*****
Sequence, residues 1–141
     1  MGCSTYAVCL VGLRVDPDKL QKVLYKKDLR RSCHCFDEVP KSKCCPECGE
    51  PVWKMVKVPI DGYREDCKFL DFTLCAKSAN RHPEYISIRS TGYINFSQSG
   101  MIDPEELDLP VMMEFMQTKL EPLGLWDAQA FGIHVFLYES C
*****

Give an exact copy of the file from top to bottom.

Sequence, residues 1–141
     1  MGCSTYAVCL VGLRVDPDKL QKVLYKKDLR RSCHCFDEVP KSKCCPECGE
    51  PVWKMVKVPI DGYREDCKFL DFTLCAKSAN RHPEYISIRS TGYINFSQSG
   101  MIDPEELDLP VMMEFMQTKL EPLGLWDAQA FGIHVFLYES C